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Can the timing of a sexual act be determined?

Dr Jagadeesh Narayanareddy, Vydehi Institute, medical examination, timing of sexual act, absence of injuries in rape, detection of sperm
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Can the timing of the sexual act be determined by a medical examination? For that the answer would be you picking up whether you are able to detect spermatozoa, whether you are able to detect injuries, whether you are able to detect sexually transmitted infection. But all this would have the limitations of post assault activities like washing, douching would remove the spermatozoa. Use of condom, and if it is not recovered, then spermatozoa would not be there. Use of spermicidal jelly, either pre sexual violence or post sexual violence. So that may also destroy the spermatozoa. The mucus secretion at the cervical region of the victim. So if there is excess of mucus secretion, the chances of you picking the spermatozoa would be longer.
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And the stage of menstrual cycle, if she is menstruating, then there is a possibility of these trace evidence to get drained with the menstrual fluid. Though sperm survive longer if the cervical mucus is thicker. And the presence of injuries, again, you need to go for picking up the time since injury, based on the changes. Sexually transmitted infections is another entity by which we can time. But for this we need to do two examinations . One examination as early as possible, whenever we have an opportunity to examine the victim. The next situation would be after the lapse of the incubation period. Here, a disclaimer, it’s not necessary that in every case you have a sexually transmitted infection.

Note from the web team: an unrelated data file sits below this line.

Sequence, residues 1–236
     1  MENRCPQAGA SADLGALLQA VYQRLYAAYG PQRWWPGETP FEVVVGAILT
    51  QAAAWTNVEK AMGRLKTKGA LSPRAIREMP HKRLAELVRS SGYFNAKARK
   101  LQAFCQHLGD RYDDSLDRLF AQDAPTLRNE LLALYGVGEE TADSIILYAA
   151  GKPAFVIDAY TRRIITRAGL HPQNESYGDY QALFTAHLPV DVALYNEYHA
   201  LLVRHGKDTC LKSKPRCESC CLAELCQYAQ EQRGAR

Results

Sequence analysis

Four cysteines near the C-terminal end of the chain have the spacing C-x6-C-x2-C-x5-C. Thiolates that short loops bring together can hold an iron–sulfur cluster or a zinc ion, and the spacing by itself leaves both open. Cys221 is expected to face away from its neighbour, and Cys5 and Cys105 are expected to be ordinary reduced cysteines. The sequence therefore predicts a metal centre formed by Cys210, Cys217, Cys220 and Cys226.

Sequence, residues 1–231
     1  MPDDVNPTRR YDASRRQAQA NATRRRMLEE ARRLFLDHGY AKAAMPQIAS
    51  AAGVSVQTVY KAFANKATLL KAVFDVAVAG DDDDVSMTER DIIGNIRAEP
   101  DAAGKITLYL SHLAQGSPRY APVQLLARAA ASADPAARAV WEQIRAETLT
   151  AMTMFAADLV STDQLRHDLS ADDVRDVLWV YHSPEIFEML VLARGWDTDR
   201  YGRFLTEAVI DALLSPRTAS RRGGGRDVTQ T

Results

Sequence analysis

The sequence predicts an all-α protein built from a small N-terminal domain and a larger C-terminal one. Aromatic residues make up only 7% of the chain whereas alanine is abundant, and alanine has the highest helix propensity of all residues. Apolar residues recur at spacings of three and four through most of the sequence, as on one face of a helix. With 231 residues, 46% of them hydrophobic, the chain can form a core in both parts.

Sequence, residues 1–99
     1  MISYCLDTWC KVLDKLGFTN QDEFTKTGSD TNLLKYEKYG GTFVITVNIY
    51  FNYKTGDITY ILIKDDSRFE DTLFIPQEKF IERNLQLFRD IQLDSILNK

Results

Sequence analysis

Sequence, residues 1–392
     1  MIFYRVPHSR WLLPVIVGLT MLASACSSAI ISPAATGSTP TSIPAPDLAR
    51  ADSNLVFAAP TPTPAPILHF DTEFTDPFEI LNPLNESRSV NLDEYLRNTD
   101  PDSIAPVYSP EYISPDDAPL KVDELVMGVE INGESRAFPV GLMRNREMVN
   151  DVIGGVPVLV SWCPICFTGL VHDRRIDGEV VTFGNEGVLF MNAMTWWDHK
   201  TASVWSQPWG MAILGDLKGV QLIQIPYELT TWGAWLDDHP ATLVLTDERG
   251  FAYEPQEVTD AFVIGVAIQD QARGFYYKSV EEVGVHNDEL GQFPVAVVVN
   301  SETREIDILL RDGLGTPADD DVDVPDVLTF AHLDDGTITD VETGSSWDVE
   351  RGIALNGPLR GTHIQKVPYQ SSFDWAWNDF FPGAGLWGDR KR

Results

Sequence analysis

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Unless until either the victim or the accused was harbouring that infection at the time of assault, there is no technical chance of you picking up a sexually transmitted infection. Suppose it’s a gonococcal infection. So the first examination did not detect first medical examination was done immediately after the sexual violence. But after four to five days, that is the incubation period of gonococcal infection, if a second examination is done and you find a gonococcal infection. So the accused had gonococcal infection, gonococcal urethritis and then there is a sexual violence.
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And the victim’s medical examination did not have gonococcal infection on the first day when we did, but after four to five days when I again do the examination, if I pick up gonococcal infection. So that proves that the sexual contact of this sexual violence, the possibility of this sexually transmitted infection, and that’s an indirect corroborative evidence to time the sexual violence.

Can medical examination determine the timing of a sexual offence? What role do detection of sperm, injuries or sexual transmitted infections play in this process? What factors contribute to their detection? Let us explore these questions with Dr Narayanareddy.

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